A fierce battle for campaign territory has forced TV presenters Mariella Frostrup and Davina McCall into a tactical retreat.
After a tussle with a bestselling author, Frostrup has reluctantly changed the name of a website she set up with McCall, Labour MP Carolyn Harris, model Penny Lancaster, journalist Kate Muir and medical experts, to campaign for greater awareness of the impact of the menopause.
The campaigners had called their online women’s health project The Menopause Manifesto, but Jennifer Gunter, the US gynaecologist and author of a book of the same name, published last spring, strongly objected.
“Basically, as far as I’m concerned, the cause is bigger than a name, so we changed the name,” said Frostrup. “We want to improve the menopause experience for women who need things to change, we want the UK government to honour their promises to women. It’s immaterial what we’re called, what matters is what we are about.” The site will now be called the Menopause Mandate.
Gunter, who also wrote The Vagina Bible, was not placated by Frostrup’s suggestion they were waging the same war. Gunter was dismayed, she said, to find that Frostrup’s campaign site, set up as a practical response to the ideas in a book she recently co-wrote, Cracking the Menopause, had chosen the same name.
“It is unacceptable that you have used the name of my book,” tweeted Gunter this weekend. “Many people involved with your organiszation [sic] know it is the name of my book. ”
Gunter’s book debunks many of the myths about menopause, as well as offering aid and information. It has earned some good reviews, with the New Scientist judging that her guide “to counteracting medical misogyny” offers “women strength, value, agency and knowledge to help them through this transition in their life”.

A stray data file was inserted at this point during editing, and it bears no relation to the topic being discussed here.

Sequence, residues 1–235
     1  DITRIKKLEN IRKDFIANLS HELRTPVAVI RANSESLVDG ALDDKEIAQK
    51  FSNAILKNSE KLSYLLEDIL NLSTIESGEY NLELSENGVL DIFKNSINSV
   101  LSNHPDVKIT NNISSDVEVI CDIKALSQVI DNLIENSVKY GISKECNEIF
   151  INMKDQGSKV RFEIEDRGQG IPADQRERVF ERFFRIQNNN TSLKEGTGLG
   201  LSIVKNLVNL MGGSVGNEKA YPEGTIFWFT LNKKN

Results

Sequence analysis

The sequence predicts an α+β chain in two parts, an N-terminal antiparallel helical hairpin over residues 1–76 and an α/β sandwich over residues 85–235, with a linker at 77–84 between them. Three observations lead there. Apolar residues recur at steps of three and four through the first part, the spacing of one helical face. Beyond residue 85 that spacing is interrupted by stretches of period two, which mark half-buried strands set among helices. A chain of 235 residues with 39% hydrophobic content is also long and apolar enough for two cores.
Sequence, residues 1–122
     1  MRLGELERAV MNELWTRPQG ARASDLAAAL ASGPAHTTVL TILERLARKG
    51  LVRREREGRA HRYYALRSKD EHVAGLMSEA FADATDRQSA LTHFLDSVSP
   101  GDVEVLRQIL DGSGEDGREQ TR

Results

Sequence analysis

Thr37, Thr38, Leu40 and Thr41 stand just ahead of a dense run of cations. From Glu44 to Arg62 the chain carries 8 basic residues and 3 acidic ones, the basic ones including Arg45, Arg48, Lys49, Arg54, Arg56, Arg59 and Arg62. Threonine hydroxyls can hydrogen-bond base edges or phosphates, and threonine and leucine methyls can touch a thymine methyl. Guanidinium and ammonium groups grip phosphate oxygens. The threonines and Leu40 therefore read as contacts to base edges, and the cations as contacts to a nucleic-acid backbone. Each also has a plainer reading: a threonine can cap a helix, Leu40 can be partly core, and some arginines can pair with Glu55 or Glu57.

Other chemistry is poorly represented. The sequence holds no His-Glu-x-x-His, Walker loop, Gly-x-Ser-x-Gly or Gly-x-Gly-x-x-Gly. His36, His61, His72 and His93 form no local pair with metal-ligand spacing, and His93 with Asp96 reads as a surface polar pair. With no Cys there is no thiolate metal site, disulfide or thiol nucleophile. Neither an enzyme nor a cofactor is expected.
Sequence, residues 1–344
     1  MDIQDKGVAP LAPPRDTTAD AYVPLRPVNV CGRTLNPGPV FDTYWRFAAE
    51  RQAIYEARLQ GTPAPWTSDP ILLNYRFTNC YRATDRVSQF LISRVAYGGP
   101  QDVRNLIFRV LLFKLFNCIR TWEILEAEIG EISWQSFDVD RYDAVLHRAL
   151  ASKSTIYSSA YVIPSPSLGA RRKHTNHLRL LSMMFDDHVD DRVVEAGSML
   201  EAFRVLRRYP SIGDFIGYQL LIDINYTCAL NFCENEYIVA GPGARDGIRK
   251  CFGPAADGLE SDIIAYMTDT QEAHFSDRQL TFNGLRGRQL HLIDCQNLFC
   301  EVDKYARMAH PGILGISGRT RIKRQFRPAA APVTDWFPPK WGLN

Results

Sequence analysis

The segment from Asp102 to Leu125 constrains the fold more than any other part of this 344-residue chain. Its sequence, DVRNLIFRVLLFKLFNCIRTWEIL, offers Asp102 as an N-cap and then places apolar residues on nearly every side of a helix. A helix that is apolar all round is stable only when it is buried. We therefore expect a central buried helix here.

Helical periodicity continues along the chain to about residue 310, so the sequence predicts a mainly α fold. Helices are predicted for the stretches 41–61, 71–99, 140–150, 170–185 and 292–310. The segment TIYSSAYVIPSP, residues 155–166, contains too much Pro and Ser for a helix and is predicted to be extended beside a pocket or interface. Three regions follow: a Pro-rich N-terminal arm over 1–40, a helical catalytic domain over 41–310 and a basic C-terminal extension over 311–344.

Gunter has also won passionate defenders among her readers. One of them is Fiona Dolman, who tweeted in support. “You cant research menopause without @DrJenGunter excellent book coming up. Why did you decide it was OK to used the title without asking? How disappointing.”
Frostrup and her team backed down, but not without some resistance: “It is a book title, not a global corporation!” said Frostrup on Twitter. “We are no[sic] competing, we are a not-for-profit advocacy group. Talk about sweating the small stuff. You know what they say about publicity by the way?”
She added: “We will change the name of our website but I am sad for you that you would be so territorial about an issue that impacts all women’s lives. No one “owns” the words menopause or manifesto. Or their combined use. We should be united, not fighting.”
Frostrup and her fellow crusaders, who are “real women, campaigners, politicians, menopause experts, celebrities and journalists”, are aiming to increase pressure on the UK government to improve access to hormone replacement therapy and promote greater understanding of the impact of menopause.
The group’s supporters includes TV presenters Gabby Logan and Lisa Snowden. The website urges readers to “join the menocause” and demand help for millions of “peri- and post-menopausal women in the UK” arguing that “for millennia menopause has been off the map”.
Due to “tireless campaigning”, the message continues, “It’s the biggest women’s issue of the moment.”
Frostrup noticed that many of those who had encouraged her not to give ground, with “less conciliatory responses”, were men. One of them, Charlie Davies, wrote: “Don’t be bullied into changing your name because it happens to be the name of a book in America. You are UK-based and menopause is a global issue. Stand firm!”